In some regions in Canada, Indigenous communities denied non-residents entry into their communities by using physical barricades to control road access. Some First Nations participants expressed that the federal and/or provincial/territorial governments did not adequately support or respect their community-specific barriers. Conversely, some provincial governments stated that First Nations communities could still be in lockdown and that non-residents would be denied entry. However, in these situations, provincial governments did not assist in enforcing barricades or non-entry orders. This resulted in instances where non-Indigenous people attempted to force their way into First Nations communities, like in the case of the Beausoliel First Nation. One participant said, “Proud to say, that we kept people outside of the community outside the FN. Included a checkpoint to manage people entering the community. Happy to do it to help the community. Saying no to people in Toronto who take advantage of the shorelines was very important.”
Some First Nations communities are located close to the border to the United States. This was brought forward by participants in British Columbia and Ontario. Other Indigenous Peoples live in cities near border crossings that have trucks and essential travelers from areas with high COVID-19 rates being allowed to enter Canada. Some Indigenous communities are at risk of multiple entries by non-community members which increases the risk of COVID-19 transmission and outbreaks. Strong community leadership about inherent rights of Indigenous communities in protecting their lands was key to reducing or eliminating non-community members and preventing the transmission of COVID-19. However, some participants stated the federal government should be discussing border openings with all communities near these border crossings before reopening as this could put lives at risk from entering or trespassing.
Need for Indigenous Engagement in Decision-making
Some First Nations communities were concerned with the lack of consultation about the potential re-opening of the international borders (e.g., United States/Canada or airports) as it is a matter beyond their jurisdiction, yet Indigenous Peoples and communities will be affected by Canadian policy regarding border re-opening.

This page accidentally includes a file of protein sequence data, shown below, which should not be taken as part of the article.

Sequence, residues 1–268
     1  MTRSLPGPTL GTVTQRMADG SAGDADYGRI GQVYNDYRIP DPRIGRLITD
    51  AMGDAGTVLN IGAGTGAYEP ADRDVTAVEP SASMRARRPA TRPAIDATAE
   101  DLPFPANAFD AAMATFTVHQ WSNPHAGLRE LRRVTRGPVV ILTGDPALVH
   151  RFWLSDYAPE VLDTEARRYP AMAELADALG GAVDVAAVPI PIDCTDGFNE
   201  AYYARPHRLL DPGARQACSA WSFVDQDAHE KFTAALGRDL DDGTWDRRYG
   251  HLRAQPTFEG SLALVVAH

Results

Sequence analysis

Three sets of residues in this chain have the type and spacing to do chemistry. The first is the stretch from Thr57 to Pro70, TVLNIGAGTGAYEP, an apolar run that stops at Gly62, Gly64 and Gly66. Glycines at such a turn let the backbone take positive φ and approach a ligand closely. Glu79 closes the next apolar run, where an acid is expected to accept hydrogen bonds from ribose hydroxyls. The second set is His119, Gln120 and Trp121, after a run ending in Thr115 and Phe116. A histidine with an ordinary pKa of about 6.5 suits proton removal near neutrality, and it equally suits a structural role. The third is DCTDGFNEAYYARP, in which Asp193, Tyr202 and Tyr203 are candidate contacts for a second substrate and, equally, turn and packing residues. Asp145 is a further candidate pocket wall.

Community members shared that sovereignty is applied when they have the capacity to govern the public health of members within their communities and have decision-making ability to develop their own plans and protocols. Support can come from provincial and territorial governments if it is requested by the community. In the current context of COVID-19, provincial and territorial governments should be working collaboratively with communities to partner on plans for re-opening of borders, schools, and businesses.
However, some participants felt they should not be expected to follow provincial guidelines (e.g., provincial timelines on phased re-opening). Instead, communities should have the self-determination to decide when and how their schools would re-open, and how to have social or physical distanced visits and ceremonies. As indicated in discussions and submissions, Indigenous communities developed, revised, implemented, and enforced pandemic plans which incorporated current messaging from the Public Health Agency of Canada at the federal level, as well as provincial and territorial messaging.
The Indigenous ancestors “saw a kinship between plants, insects, birds, animals, fish and human beings” (Johnston, 2003, p. vii) or all things in the universe as “All My Relations” or “All in Creation” (Mohawk, 2008). “This was a relationship model, a kincentric model, one in which we are all equal, but we have different jobs to do here on earth” (Martinez, Salmón, and Nelson, 2008, p. 90).
From a strengths-based approach, Indigenous community members and organizations relayed how they delivered foods, medicines and supplies to Elders and community members (rural, remote, and urban). There was discussion about youth resiliency and how they were engaged in activities during the first wave (February 2020 to September 2020) of the COVID-19 pandemic.
Supporting seniors and Elders
Elders are respected leaders in the community and support the transmission of tradition, culture, language, and knowledge. Not all Indigenous senior community members are Elders. Elders share ancestral knowledge and provide guidance on personal and community issues. In many cases, Elders are the holders of knowledge that needs to be passed along to future generations. Traditional Knowledge Keepers are leaders who possess talents or knowledge that they pass onto future generations. Children and youth identify Elders and Knowledge Keepers as significant figures in helping them understand their culture and the loss of an Elder or Knowledge Keeper symbolizes a loss in language, wisdom, and knowledge.
In urban, rural and remote areas, most communities worked collaboratively to ensure that Elders were given meals and protected or isolated from individuals who may have been in close contact with someone who has COVID-19. Elders comprise a small proportion of Indigenous populations and were heavily protected during isolation stages of COVID-19. In many First Nations communities, Elders living in congregate settings were not allowed to be visited due to their increased risk of severe health complications from COVID-19. In many cases, virtual and remote visits were used to compensate for this. Groceries and meals were also delivered daily.